The AA School’s PhD programme combines advanced research with a broader educational agenda, preparing graduates for practice in global academic and professional environments. Current doctoral research encompasses the topics of the school’s postgraduate programmes in architectural theory and history, architectural urbanism, emergent technologies and design, and sustainable environmental design. Within each of these strands candidates can engage in design-led research (PhD in Architectural Design) or follow the traditional route of the text-based dissertation. Across the programme’s streams, shared research issues are explored through specialist groups, seminars and other events in and outside of the school. This year, several of the programme’s PhD candidates contributed to conferences and publications in the UK and abroad. ‘A Day on the Grid’ was a public event organised by Alexandra Vougia, Costandis Kizis and Gabriela García de Cortázar Galleguillos, held in early May. The programme’s current PhD candidates and recent graduates participated, as well as teaching staff and students from across the school. The day tackled the issue of the grid from nine angles, each examined by two papers: ‘prologue’, Aldo Urbinati; ‘urban’, Alexandra Vougia and Ross Adams; ‘maps’, Gabriela García de Cortázar Galleguillos and Emmanouil Stavrakakis; ‘drawing’, Alison Moffett and Nerma Cridge; ‘plan’, Alejandra Celedon and Costandis Kizis; ‘intermission’, Merve Anil and Eleanor Dodman; ‘coordinates’, Ryan Dillon and Arturo Revilla; ‘graph’, Valeria Guzman and Jingming Wu; ‘epilogue’, Doreen Bernath; ‘discussion’, Pier Vittorio Aureli, Mark Campbell and Marina Lathouri.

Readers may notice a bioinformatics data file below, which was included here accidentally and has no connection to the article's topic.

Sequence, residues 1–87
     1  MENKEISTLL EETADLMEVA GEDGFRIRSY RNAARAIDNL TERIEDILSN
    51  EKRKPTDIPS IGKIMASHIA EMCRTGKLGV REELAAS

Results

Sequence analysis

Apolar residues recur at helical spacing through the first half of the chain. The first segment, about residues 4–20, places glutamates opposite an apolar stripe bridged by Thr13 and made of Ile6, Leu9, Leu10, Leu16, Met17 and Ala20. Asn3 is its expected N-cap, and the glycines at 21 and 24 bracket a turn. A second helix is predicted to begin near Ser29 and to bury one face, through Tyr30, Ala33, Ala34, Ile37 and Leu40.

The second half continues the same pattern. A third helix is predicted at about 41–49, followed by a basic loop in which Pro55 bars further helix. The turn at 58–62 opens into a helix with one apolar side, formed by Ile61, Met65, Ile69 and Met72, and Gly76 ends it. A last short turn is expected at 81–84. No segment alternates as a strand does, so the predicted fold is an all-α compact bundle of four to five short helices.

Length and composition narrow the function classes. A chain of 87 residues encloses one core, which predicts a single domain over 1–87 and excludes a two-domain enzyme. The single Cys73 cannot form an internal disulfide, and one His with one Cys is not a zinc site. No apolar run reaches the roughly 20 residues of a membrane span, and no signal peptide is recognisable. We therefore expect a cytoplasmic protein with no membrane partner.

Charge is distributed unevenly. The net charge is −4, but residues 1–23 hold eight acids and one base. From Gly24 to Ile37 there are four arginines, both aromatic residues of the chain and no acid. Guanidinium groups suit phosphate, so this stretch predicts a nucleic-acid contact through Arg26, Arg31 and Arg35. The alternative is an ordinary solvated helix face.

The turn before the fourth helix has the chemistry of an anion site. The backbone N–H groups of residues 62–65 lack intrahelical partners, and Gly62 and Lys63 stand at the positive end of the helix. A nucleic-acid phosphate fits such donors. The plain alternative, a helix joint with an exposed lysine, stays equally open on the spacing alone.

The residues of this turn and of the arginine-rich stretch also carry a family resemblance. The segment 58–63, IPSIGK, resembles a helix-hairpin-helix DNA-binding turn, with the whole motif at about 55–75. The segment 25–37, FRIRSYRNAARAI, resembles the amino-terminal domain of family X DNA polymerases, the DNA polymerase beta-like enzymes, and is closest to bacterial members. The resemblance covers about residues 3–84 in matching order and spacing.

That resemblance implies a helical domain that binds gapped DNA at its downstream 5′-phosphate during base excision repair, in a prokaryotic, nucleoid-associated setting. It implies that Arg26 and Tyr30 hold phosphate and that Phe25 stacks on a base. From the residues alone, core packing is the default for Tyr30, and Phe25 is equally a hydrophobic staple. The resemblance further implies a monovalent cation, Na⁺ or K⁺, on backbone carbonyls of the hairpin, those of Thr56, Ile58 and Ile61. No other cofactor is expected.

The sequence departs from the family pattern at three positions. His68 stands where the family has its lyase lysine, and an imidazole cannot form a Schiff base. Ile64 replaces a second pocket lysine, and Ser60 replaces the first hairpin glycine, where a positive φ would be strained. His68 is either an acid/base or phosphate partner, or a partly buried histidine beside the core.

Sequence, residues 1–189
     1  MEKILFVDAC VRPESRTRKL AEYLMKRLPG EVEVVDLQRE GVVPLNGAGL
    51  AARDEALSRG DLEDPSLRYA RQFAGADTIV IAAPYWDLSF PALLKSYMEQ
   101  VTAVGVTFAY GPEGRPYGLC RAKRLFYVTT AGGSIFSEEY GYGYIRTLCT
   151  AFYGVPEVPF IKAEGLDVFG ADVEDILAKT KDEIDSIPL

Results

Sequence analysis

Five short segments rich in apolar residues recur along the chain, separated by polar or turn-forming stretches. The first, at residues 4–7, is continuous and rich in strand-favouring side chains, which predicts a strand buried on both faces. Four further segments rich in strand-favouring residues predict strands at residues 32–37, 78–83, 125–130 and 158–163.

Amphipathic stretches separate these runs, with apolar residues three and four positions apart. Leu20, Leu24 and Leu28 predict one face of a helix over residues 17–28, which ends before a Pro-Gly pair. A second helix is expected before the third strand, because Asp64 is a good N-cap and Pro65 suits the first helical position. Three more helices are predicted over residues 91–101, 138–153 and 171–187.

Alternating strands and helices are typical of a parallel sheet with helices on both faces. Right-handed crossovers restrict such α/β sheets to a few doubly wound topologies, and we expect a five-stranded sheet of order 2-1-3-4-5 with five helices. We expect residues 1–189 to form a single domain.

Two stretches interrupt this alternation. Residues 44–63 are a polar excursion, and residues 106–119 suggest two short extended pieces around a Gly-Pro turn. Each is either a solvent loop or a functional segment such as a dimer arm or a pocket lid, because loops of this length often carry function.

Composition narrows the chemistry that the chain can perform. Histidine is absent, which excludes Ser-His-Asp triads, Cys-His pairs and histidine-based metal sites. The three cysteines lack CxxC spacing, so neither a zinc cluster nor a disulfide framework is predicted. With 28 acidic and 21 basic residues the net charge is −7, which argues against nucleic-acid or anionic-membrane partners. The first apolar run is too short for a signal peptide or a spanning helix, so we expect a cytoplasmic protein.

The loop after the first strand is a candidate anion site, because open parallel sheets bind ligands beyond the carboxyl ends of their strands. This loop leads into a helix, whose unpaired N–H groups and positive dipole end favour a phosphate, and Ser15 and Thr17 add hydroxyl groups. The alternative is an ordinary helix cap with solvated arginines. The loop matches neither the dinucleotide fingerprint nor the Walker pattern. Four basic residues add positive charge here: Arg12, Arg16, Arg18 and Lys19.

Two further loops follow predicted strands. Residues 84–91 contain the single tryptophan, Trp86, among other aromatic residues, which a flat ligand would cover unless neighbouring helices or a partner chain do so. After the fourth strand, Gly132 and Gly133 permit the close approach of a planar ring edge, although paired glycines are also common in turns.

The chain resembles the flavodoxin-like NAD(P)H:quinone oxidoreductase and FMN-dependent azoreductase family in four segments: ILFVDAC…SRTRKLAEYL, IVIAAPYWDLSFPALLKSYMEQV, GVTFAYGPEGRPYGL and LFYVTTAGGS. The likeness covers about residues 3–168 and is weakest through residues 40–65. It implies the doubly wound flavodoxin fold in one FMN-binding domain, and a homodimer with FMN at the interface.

Pier Vittorio Aureli
Vida Norouz Borazjani
The Invented Chinese Classical Garden
Supervisors: Mark Cousins, Doreen Bernath
The Chinese classical garden has been a popular topic in Chinese architecture for almost 30 years. Used to refer not only to landscape, but also to architecture and urban design, it has been a key concept in Chinese contemporary architecture. Why did the Chinese classical garden assume such a role in preference to other forms of traditional architecture? This study investigates the construction of the concept of the Chinese classical garden in relation to twentieth-century architectural history and theory writing.
Jingming Wu studied Architecture at Southeast University in Nanjing, China, and graduated in 2008. In 2012 she received a Masters in Architectural History and Theory from the same university. She supervised undergraduate students in architectural history and theory up until she began her PhD at the Architectural Association in 2013. She has been awarded several design prizes, including the Shikenchikusha design competition in Japan, has published several papers, and has presented internationally at various conferences.